Louis J. Jenny | October 16, 2015
Both Houses of the U.S. Congress have passed a final version of the National Defense Authorization Act (NDAA), the annual bill authorizing Defense Department activities. And although the President has said he will veto it and the end game for the bill’s passage into law isn’t completely clear (more on that later), there are a few provisions in the bill worth noting.
First, the bill establishes that going forward the US Army Corps of Engineers, or another federal agency, will take over design, procurement, and construction management services for Department of Veterans Affairs’ medical facility projects valued over $100 million. While Congress had considered several more complex versions of this provision (and we at DBIA were in contact with lawmakers regarding this), the final language passed is quite short and to the point. Further, we and the A/E/C community around Capitol Hill stayed in communication with each other and lawmakers as they worked toward finding the right dollar threshold.
Second, Sec. 874 contains some of the surety reforms that DBIA along with our A/E/C coalition partners have been pursuing. Specifically, the provisions would require that individual sureties comply with requirements similar to corporate sureties, thus reducing fraud. Also, the provisions would increase the reach of the U.S. Small Business Administration Surety Bond Guarantee Program.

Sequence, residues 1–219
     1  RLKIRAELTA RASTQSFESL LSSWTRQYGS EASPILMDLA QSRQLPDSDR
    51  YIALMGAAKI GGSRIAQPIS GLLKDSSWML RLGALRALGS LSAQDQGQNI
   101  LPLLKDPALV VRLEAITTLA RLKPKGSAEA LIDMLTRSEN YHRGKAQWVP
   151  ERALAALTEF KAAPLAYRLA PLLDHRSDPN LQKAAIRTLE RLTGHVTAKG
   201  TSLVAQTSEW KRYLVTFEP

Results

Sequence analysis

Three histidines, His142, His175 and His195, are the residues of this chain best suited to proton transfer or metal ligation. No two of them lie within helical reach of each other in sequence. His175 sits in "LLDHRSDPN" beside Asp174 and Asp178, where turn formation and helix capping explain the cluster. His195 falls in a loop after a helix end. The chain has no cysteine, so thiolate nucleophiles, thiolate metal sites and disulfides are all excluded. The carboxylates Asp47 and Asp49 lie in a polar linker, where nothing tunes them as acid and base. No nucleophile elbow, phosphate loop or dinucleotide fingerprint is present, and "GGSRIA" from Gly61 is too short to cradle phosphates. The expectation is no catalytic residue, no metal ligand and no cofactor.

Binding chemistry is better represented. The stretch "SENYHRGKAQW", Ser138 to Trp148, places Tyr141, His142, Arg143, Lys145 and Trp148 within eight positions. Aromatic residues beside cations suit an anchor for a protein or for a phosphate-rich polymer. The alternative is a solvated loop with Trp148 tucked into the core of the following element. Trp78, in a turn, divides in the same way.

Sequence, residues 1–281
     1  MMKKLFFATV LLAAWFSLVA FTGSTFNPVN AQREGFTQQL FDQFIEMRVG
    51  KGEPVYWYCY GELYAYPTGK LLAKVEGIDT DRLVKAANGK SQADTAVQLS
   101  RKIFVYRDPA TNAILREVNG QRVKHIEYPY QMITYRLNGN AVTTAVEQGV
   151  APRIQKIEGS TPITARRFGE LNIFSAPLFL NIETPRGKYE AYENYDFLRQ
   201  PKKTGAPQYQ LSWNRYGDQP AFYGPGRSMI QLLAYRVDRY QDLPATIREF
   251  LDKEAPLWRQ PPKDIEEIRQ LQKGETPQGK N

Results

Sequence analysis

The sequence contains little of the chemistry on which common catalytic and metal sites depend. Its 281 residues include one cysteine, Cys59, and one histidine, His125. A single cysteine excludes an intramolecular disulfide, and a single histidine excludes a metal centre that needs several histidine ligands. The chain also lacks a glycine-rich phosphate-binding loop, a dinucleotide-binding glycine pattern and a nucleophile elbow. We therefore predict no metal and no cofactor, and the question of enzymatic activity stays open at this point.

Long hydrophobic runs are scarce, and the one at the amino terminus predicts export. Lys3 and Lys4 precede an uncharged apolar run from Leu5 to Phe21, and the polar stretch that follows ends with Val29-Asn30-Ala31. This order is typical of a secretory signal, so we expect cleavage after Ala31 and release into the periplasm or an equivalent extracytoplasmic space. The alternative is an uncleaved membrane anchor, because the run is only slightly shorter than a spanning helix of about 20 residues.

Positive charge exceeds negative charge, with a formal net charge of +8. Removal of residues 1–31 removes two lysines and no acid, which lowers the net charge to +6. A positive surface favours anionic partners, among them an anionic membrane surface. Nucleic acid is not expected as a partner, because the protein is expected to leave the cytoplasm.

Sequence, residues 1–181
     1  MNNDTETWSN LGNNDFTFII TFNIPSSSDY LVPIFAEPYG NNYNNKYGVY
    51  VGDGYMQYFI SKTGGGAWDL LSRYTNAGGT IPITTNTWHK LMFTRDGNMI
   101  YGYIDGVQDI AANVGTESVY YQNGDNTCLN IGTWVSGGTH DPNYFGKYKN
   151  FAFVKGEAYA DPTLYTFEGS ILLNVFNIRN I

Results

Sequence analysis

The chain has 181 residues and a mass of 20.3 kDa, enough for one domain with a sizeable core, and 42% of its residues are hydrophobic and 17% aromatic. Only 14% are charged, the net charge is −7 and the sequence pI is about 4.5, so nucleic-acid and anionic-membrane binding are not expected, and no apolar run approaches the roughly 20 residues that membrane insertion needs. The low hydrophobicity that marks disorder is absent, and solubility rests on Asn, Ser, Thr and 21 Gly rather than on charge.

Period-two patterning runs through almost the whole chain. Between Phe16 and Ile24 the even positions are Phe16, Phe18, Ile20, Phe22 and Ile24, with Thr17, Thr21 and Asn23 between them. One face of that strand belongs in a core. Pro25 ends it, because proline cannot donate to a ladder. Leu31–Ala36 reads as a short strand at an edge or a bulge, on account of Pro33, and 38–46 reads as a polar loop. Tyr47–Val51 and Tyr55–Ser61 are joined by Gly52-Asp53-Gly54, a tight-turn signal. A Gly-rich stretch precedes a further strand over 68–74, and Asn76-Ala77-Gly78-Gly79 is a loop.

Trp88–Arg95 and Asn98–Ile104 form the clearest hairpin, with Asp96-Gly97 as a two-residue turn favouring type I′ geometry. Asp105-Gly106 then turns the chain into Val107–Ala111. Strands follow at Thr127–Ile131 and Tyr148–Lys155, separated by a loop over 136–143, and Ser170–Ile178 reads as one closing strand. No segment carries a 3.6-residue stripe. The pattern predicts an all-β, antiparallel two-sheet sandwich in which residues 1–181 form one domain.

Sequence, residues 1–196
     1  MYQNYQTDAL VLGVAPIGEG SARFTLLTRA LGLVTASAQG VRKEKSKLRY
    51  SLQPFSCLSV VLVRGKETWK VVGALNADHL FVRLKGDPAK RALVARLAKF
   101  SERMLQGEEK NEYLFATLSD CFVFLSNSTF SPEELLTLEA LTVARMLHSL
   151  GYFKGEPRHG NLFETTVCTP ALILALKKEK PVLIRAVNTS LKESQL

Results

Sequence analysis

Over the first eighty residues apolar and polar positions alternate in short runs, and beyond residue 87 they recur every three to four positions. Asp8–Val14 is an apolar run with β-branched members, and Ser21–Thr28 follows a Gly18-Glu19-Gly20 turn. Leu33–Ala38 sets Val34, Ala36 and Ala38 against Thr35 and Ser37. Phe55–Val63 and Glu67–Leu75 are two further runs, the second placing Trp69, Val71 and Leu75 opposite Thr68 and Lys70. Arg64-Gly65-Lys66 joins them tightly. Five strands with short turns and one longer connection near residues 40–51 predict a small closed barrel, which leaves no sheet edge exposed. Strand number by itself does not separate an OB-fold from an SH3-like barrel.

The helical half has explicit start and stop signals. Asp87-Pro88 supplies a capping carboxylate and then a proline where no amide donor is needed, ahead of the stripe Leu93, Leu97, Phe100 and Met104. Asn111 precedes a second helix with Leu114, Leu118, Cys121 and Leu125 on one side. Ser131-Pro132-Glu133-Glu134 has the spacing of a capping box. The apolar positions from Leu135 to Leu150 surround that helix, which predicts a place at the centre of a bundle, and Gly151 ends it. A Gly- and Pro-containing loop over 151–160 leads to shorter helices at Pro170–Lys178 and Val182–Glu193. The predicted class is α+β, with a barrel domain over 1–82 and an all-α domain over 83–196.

Again, as stated above, the President has indicated he will veto the bill. He intends to do so because of the way some of the funding provisions are structured. It is generally agreed that Congressional Democrats have the votes to sustain that veto, and that the veto is part of an Administration effort to come to a larger budget deal involving both defense and non-defense spending. Republicans generally want such an agreement also, but those negotiations are effectively on hold for now due to the House of Representatives’ current contest for a new Speaker.
Exactly when the House’s leadership election is resolved is not clear, but ultimately those elections and the debate over broad spending are unlikely to affect the provisions discussed above. This is because Congress has in one way or another passed into law an NDAA every year for more than 50 years, and at some point they likely will again this year. The NDAA is considered one of the last truly “must pass” bills. So, while the larger spending issues in the NDAA might be affected by the budget negotiations, my guess is that the surety and VA provisions are likely to survive.